Parashat Emor: The spiritual world that survived

On this day, we celebrate the survival of the Jewish people’s spiritual world; the survival of our spiritual greats, the teachers of Torah.

A woman reading a book in a field (photo credit: ING IMAGE/ASAP)
A woman reading a book in a field
(photo credit: ING IMAGE/ASAP)
This week’s Torah portion, Emor, deals with many commandments, the lion’s share of which relates to halachot (Jewish laws) of the kohanim who served God in the Temple.
One of these mitzvot is the mitzva of truma, a certain percentage of the field’s yield given to the kohanim. The parasha details under what condition the kohen can eat from the truma and when this is forbidden; who of the kohen’s family can eat from the truma and who cannot, and other issues connected to this commandment.
The mitzva of truma, though obligatory for every farmer in the Land of Israel, is to a large extent a voluntary commandment, because the Torah does not determine the percentage of the yield that the farmer must give the kohen. Therefore, even one sheaf can be the truma from an entire field. Any addition to this single sheaf is given from the goodness of the farmer’s heart, as he recognizes the significance of this mitzva.
Why would a farmer want to give truma to a kohen? We can understand this if we analyze the people of Israel’s original social structure, as it is described in the Torah.
In the past, the nation was divided into tribes, with each tribe generally working in a specific sphere of the nation’s life. One tribe dealt with commerce, another with politics and governance, and yet another might have an expertise in wines.
But we must be clear. This was not a caste system or an extremely hierarchical society. The members of a tribe were not obligated to work in that tribe’s field of expertise.
It was not a person’s fate from the day of his birth.
But each tribe had an area – some important part of the life of the entire nation – that became its specialty.
Only one tribe was the exception: the tribe of Levi.
This tribe, some of whose members served as kohanim in the Temple, did not receive parcels of land in the Land of Israel as the other tribes did. Levi was the tribe in charge of leading the nation spiritually. Levites worked in the Temple and at teaching the entire nation Torah. Therefore, they did not live in one particular area of the land, but were scattered in small towns all over the land, to allow for easier access to their spiritual roles.
The farmer who works his field and sees blessing in his yield might see the field as merely an economic issue disconnected from the spiritual and ideological world. But the Torah instructs him to put the spiritual world “into” his field. How?
By setting aside a certain percentage of the yield and giving it to the spiritual tribe, the one busy teaching Torah. In this way, the farmer becomes a partner in the Levites’ spiritual work and that of the kohanim. This adds value and holiness to the farmer’s work.
This Saturday night and Sunday, the Jewish people will be celebrating Lag Ba’omer. It is an ancient custom to mark the 33rd day of the Omer as a day of joy and of visiting the tomb of Rabbi Shimon Bar Yohai in Meron in the Upper Galilee. As this custom became more popular, the original reason for it became less known.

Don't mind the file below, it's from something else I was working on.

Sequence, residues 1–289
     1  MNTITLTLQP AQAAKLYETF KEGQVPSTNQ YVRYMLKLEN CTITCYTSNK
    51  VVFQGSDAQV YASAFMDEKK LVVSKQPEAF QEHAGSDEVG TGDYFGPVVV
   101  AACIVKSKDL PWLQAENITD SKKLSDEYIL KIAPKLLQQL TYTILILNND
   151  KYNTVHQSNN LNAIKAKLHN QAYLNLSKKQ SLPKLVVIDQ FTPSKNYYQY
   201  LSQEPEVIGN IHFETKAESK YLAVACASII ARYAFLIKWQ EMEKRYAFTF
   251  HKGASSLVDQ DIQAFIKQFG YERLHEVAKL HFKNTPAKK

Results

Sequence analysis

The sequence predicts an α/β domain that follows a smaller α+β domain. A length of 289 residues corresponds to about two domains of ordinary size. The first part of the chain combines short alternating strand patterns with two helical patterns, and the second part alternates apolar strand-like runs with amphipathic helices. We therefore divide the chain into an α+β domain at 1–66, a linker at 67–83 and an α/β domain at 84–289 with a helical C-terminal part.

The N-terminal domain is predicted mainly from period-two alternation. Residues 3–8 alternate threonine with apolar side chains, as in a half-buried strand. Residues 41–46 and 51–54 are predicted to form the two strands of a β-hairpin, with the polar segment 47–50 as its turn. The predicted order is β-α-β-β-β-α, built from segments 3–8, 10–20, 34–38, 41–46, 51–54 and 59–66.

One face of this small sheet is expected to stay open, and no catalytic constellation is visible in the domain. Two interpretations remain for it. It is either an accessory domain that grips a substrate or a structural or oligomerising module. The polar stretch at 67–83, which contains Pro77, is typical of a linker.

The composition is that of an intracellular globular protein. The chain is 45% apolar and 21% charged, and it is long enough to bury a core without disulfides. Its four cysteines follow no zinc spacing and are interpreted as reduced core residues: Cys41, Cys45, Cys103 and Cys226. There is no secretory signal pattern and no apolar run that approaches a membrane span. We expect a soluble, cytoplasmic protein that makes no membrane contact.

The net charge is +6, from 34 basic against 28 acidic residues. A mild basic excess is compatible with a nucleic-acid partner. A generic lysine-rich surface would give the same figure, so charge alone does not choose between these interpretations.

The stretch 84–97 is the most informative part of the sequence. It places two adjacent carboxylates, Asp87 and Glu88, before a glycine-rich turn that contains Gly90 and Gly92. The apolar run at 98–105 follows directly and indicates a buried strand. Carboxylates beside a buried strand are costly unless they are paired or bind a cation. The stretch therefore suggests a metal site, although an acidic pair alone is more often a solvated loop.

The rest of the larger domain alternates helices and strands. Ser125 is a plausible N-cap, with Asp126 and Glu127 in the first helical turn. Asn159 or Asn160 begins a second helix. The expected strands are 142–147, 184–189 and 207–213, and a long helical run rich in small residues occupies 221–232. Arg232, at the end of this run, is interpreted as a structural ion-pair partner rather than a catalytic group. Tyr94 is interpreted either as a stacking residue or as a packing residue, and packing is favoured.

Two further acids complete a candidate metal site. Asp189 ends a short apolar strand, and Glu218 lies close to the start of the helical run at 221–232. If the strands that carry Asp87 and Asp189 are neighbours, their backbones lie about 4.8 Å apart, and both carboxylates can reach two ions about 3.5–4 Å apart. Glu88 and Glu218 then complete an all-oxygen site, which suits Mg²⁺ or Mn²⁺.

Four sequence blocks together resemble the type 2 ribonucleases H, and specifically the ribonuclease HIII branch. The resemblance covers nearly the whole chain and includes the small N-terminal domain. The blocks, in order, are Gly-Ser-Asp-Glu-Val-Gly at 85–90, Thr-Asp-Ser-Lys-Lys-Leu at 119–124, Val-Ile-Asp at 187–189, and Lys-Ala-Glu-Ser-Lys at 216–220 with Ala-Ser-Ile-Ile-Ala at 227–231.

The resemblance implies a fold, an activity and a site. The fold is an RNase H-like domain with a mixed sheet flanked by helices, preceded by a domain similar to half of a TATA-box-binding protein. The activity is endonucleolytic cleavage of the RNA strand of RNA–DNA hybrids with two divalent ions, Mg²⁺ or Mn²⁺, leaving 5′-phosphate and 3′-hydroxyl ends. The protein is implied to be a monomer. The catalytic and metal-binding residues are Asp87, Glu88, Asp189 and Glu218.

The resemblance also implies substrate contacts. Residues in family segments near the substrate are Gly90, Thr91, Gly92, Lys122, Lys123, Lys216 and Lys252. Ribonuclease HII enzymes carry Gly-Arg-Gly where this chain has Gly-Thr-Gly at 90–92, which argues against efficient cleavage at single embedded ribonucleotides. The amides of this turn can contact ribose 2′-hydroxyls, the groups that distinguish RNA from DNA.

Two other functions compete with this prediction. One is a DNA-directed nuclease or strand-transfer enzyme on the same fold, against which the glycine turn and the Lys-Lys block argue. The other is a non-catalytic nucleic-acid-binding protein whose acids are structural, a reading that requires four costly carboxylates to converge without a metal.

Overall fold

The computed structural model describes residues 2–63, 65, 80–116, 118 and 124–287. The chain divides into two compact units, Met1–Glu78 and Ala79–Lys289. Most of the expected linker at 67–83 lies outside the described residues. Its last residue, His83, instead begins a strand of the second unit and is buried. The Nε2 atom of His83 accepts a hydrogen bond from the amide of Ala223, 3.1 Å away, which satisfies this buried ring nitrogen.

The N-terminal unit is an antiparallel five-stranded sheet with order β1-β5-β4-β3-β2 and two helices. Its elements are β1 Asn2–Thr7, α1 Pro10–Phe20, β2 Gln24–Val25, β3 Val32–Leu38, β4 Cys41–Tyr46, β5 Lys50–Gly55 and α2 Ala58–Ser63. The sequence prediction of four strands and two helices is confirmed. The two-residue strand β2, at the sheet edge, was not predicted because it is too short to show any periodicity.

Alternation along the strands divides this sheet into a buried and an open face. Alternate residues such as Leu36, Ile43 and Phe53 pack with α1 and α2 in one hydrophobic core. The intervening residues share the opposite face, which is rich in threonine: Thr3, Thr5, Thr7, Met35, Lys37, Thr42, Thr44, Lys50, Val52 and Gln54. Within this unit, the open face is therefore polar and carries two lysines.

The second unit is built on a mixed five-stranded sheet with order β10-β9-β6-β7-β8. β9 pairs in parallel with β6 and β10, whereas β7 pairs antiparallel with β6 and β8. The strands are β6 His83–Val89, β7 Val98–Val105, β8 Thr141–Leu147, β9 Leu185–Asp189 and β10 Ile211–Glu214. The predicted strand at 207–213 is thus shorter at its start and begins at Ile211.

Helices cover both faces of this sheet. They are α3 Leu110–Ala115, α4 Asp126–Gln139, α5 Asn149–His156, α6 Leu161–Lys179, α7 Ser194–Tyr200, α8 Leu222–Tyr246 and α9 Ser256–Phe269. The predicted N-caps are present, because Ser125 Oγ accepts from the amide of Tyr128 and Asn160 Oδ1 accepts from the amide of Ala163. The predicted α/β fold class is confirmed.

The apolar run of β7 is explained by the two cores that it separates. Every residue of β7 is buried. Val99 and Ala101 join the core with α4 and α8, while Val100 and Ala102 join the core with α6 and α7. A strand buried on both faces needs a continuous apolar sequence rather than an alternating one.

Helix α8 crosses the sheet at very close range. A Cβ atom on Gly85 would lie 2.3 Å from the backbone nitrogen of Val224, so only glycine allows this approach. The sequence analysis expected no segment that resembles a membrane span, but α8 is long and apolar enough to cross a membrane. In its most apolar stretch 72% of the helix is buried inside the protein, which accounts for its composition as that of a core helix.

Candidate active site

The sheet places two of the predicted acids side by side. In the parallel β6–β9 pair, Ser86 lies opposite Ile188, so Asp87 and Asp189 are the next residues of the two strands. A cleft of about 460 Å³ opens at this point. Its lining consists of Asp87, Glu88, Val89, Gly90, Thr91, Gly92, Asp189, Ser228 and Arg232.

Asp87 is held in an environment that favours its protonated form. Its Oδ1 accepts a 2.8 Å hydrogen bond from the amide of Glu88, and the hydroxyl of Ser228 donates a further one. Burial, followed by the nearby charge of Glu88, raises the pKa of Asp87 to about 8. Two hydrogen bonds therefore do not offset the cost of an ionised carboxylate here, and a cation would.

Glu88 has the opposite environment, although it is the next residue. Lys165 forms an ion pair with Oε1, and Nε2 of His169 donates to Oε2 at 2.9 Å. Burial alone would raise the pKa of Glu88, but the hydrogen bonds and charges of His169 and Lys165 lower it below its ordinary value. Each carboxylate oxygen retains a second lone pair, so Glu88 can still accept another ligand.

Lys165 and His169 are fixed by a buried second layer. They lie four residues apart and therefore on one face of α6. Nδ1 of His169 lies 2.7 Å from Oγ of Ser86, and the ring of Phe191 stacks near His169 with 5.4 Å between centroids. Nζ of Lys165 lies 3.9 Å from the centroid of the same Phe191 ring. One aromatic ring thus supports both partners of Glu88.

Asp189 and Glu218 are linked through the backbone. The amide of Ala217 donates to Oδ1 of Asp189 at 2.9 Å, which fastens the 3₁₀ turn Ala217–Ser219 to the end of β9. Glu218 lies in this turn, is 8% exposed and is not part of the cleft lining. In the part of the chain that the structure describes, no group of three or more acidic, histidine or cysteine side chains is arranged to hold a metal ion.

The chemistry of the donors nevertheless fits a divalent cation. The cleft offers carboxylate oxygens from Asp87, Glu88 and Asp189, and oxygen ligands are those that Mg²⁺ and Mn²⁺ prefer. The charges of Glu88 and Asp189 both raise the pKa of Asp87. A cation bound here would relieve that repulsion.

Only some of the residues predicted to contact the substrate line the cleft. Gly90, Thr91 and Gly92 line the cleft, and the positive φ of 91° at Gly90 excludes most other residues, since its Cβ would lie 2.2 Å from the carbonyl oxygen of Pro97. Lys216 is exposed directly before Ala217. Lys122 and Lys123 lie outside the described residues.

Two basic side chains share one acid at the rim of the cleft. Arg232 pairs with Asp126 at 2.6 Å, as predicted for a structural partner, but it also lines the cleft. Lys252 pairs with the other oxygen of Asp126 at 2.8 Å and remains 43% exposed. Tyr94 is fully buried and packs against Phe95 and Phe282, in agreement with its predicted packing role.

What happened on this day and what’s the connection with Bar Yohai? Rabbi Hayyim Vital (Safed, 1542-1620) was one of the students of the great Rabbi Yitzhak Luria (known as the “Ari”). He cited the reason for this custom in his kabbalistic work Sha’ar Hakavanot (Gate of Intentions), a reason that relates to the mitzva of truma.
The Talmud tells us about Rabbi Akiva, the greatest of the Sages in the first and second centuries, who had thousands of students. Over a short period of time, a terrible tragedy struck the nation: all of Akiva’s students died within a few weeks. The Talmud says their deaths came as punishment for “not being respectful to one another.” Despite being knowledgeable about Torah, their interpersonal relationships left much to be desired.
The influence of this event on Jewish society is described in the Talmud with one short and powerful sentence. “The world was desolate.” In a short time, the nation’s spiritual leadership all but disappeared.
Desolation, emptiness and a deep void were felt in the world. But Akiva did not despair. He promoted five students, the most important of whom was Bar Yohai, and these five students continued the tradition of studying Torah and teaching it to the nation. They were the ones who made the desolation bloom.
Akiva’s thousands of students died between Passover and Lag Ba’omer. On Lag Ba’omer, therefore, the tradition of transmitting Torah from generation to generation was renewed by the teacher, Akiva, and his student, Bar Yohai. This, says Vital, is the reason to celebrate on Lag Ba’omer.
On this day, we celebrate the survival of the Jewish people’s spiritual world; the survival of our spiritual greats, the teachers of Torah; the fact that ultimately the world did not remain spiritually desolate – it has Torah, it has values of truth, and it has values of justice and peace.
■ The writer is the rabbi of the Western Wall and holy sites.